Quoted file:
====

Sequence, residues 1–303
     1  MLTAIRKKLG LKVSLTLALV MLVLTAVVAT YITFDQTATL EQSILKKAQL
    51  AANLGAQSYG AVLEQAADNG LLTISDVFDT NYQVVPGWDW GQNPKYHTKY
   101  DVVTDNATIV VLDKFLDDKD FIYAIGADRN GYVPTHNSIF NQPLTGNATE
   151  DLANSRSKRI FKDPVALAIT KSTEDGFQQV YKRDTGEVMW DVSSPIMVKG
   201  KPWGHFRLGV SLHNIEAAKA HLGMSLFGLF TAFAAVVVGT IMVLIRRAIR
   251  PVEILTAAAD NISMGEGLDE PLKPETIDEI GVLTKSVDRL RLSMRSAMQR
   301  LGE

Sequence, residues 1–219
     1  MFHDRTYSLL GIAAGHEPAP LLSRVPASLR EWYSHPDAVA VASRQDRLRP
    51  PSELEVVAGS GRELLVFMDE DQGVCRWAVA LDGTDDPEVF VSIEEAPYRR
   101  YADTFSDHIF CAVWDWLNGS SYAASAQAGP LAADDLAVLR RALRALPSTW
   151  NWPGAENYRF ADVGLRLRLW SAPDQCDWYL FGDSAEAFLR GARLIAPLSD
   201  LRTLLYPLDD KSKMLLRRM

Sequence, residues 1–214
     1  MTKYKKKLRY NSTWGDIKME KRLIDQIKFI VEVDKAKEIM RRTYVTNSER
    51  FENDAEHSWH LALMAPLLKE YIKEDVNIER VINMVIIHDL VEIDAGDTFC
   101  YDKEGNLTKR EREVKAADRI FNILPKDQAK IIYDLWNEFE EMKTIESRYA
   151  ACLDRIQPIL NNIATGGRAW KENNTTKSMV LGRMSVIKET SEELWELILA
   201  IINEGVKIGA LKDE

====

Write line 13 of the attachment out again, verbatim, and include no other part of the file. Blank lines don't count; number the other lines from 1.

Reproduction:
   151  NWPGAENYRF ADVGLRLRLW SAPDQCDWYL FGDSAEAFLR GARLIAPLSD